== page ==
Estate agent Savills warned that the combination of Stamp Duty and sentiment weakened by Brexit, meant further price cuts could be seen.
As a result of the prolonged slump the most expensive properties in London are now valued at around 6% less than three years ago, compared with southern England where top properties have increased 7% and in the midlands and north by 3%.
However, over a five-year period all of southern England including London had seen prices increase by at least 10%, according to the latest Savills data.
In contrast, those in the midlands and the north grew more modestly (3%) and in Scotland have fallen by 5%.
Savills noted that even at the very top end of the market, in the £10m+ range, values appear to be stabilising, thanks in some part to the fall in the pound following the Brexit vote attracting international buyers.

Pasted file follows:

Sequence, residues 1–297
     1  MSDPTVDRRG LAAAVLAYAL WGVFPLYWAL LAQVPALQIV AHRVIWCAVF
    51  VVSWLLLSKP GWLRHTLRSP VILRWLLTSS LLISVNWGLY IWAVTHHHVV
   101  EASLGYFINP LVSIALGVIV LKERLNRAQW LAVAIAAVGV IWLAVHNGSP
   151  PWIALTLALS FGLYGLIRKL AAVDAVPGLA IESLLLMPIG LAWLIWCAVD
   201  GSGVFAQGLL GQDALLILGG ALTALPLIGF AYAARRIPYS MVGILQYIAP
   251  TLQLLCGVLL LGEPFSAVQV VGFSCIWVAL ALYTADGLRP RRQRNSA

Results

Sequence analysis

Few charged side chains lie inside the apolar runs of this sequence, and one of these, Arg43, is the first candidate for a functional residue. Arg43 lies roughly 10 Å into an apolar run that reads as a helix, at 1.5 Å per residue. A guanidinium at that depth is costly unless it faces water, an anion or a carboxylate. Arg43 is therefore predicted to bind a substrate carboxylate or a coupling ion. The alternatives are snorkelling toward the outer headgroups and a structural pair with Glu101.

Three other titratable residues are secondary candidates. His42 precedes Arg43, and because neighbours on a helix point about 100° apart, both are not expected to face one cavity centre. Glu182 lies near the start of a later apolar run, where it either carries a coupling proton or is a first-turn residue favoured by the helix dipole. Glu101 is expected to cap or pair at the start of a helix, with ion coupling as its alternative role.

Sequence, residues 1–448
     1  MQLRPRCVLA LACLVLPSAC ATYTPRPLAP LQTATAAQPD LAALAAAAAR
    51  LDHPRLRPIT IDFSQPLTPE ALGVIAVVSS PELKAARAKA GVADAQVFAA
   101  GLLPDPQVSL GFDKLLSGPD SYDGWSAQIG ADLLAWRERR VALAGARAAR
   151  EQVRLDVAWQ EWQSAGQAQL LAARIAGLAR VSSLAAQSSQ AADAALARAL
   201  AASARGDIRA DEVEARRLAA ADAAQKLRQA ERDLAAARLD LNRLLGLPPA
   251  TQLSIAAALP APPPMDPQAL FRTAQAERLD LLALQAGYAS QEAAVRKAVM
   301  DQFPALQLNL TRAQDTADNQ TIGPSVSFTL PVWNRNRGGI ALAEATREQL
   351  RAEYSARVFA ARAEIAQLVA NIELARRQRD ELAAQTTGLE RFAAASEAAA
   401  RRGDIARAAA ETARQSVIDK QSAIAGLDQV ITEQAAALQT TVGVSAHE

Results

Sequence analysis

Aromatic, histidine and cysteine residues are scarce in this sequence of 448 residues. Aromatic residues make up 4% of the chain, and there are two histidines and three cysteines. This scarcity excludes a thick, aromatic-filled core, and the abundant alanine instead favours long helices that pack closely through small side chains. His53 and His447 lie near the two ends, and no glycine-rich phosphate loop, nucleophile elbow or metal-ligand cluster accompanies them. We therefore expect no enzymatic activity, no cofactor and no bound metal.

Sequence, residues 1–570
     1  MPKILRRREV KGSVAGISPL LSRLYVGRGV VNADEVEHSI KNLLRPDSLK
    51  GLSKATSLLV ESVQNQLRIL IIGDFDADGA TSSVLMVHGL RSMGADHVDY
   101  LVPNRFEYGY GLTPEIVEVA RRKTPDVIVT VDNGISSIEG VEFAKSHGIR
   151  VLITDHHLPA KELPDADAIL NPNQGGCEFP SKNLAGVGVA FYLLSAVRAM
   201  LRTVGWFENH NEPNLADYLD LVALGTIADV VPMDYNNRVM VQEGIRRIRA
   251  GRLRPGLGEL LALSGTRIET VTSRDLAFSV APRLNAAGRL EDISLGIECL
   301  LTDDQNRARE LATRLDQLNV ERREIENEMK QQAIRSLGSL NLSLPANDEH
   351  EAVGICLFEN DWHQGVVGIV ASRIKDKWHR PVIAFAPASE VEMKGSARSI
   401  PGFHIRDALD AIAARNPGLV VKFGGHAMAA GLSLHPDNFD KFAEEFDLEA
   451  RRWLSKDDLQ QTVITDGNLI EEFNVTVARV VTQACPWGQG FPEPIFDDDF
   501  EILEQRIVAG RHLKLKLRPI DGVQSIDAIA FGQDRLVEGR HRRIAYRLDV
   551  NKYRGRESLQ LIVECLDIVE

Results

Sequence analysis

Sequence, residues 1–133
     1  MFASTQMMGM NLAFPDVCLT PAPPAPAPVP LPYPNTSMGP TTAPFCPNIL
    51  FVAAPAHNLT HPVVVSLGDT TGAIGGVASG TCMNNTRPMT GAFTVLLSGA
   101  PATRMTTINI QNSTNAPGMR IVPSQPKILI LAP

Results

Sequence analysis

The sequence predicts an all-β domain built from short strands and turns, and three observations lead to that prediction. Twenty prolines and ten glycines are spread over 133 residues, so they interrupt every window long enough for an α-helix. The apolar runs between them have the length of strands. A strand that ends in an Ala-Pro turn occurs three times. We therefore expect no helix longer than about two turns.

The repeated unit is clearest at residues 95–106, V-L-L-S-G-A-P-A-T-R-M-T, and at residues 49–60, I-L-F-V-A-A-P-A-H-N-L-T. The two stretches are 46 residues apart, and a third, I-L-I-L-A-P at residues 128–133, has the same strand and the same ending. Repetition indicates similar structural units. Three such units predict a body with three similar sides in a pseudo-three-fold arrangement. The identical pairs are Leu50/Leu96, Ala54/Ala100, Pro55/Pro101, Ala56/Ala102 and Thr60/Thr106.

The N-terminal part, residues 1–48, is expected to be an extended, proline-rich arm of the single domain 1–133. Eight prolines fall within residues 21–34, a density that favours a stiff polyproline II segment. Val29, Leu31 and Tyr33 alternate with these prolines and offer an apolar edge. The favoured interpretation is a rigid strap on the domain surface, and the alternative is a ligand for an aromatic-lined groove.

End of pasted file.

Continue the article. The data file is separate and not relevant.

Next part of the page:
It added that these higher value, more discretionary markets were expected to ebb and flow with the Brexit news agenda over the next few years, leaving prime London values flat and the potential for only marginal growth in regional markets.
“Brexit uncertainty has compounded the cooling effect of Stamp Duty, but it now looks as though values are finding their level and where asking prices reflect this, buyers are coming back into the market,” said Savills head of UK residential research Lucian Cook (pictured).
“However high levels of over-priced stock remain in the market, some still pegged to peak values, suggesting we have probably not yet seen the end of asking price cuts.
“And though it looks as though the bulk of value falls are behind us, with Article 50 to be triggered this week, we expect the market to ebb and flow for the next two years, in step with the news agenda,” he added.